• I don’t know where this is set. I assumed it was Hong Kong.

    To be honest, I haven’t seen “Taken,” but I had read that it had more action than this film. The press release for this film misleadingly describes this film as action-packed. From what I understand, “Taken” didn’t do so well at the box-office in France, but was a huge hit in North America. This film has rather poor IMDb and Rotten Tomatoes ratings, but I rather enjoyed it.

    (Sean, the first image you used is spoilerish. Ha ha.)

  • Oops. How spoilerish? Doesn’t the kidnapping happen early in the movie?

  • Gerry

    You make it sound interesting Reed, unlike I Saw The Devil which I thought was long, boring and predictable bar the good but sad ending.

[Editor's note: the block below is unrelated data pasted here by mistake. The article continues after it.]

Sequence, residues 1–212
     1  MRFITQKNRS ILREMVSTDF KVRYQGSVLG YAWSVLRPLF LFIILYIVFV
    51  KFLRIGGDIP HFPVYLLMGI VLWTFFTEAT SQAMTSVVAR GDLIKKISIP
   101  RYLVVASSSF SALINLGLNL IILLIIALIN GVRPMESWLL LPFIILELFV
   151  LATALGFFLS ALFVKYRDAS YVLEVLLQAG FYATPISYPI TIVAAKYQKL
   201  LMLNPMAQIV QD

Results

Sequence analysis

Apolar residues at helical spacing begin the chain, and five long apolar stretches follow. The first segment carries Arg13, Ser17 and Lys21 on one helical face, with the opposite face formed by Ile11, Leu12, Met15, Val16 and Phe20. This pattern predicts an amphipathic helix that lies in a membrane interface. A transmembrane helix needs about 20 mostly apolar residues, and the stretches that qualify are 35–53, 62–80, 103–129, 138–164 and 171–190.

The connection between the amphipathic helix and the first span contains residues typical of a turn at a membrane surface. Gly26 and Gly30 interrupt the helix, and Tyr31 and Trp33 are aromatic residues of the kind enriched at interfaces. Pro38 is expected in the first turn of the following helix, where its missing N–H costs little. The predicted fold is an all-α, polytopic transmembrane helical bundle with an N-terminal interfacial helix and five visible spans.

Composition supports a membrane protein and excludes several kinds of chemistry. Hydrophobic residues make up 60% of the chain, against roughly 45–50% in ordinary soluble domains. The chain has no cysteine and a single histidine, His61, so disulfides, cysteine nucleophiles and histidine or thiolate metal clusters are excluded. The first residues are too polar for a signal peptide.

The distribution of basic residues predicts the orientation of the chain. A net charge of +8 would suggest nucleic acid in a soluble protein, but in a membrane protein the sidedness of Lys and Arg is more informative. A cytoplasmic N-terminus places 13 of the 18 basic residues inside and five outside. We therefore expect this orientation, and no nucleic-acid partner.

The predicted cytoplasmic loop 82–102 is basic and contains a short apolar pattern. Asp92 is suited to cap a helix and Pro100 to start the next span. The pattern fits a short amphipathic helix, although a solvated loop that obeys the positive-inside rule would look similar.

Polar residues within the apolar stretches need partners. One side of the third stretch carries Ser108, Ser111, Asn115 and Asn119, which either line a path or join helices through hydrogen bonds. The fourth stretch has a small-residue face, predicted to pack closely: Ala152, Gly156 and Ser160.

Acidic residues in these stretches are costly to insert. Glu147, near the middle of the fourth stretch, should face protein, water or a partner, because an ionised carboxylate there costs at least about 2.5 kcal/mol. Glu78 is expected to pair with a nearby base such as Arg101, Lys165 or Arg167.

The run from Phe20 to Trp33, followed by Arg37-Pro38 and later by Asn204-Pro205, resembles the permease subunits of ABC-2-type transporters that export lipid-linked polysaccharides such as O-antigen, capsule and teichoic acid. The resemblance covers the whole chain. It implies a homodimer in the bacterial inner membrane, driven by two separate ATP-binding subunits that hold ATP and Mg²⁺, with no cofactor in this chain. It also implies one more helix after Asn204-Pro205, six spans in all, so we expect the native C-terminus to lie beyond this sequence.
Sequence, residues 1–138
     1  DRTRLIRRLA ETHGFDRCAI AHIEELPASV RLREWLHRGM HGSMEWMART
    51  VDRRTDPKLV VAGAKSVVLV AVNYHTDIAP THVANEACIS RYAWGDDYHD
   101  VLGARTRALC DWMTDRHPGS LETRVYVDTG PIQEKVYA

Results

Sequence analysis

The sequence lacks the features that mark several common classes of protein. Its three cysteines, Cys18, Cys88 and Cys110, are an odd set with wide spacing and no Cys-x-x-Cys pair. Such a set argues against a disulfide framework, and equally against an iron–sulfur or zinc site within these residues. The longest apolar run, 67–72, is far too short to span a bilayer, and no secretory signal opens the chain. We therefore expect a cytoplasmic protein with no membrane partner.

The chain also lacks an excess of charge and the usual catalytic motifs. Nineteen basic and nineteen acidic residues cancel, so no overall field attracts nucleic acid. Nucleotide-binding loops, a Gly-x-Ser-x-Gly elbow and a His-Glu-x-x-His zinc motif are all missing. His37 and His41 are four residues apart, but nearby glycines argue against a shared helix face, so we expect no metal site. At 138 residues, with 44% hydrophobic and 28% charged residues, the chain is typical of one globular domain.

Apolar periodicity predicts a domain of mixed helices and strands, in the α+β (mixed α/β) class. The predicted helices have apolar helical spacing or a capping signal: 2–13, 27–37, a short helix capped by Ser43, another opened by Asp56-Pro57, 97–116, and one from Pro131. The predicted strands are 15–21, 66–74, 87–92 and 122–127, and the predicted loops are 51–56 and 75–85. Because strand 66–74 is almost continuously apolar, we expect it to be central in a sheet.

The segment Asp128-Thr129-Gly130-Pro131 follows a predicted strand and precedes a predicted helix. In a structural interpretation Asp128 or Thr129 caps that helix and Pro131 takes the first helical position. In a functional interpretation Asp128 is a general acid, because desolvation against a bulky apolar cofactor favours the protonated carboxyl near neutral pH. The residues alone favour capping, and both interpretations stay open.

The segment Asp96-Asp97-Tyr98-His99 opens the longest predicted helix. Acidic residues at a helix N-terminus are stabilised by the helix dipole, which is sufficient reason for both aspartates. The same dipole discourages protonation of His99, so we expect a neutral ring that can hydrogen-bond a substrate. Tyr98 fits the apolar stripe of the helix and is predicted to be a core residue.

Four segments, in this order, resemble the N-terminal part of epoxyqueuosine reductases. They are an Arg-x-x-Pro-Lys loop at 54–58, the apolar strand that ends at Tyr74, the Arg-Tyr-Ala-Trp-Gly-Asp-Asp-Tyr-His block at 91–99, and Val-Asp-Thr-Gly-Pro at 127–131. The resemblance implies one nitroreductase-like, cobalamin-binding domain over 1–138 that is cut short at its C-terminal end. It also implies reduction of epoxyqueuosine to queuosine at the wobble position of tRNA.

Revenge films are like any other genre / sub genre, ie they vary in tone, approach, levels of entertainment etc.

    This sounds like something I’ll check out,

  • Scab

    Sean didn’t write this? The style is familiar. Odd, to say the least!

  • @Sean: Well, my pointing out that it’s spoilerish doesn’t help matters. It also shows the film crew reflected in the window!

    @Gerry: “I Saw the Devil” was too similar to previous revenge films I had seen, so I wasn’t overly impressed with it. “Punished” at 94 minutes isn’t too long, but there are a lot of conversations and several scenes of the tycoon grieving by himself. The conversations might seem mundane, but in the mystery, I found myself trying to possibly “read between the lines.” I admit I have peculiar tastes. But please check the film out, Gerry, and leave another comment about what you thought.

    @Scab: In all honesty, I find Sean’s writing more fluid and easier to understand. I tend to compact my explanations and leave things unclear. I also have a problem with transitions. If I’m starting to write like Sean or any of the other reviewers, then I’ll take it as a compliment.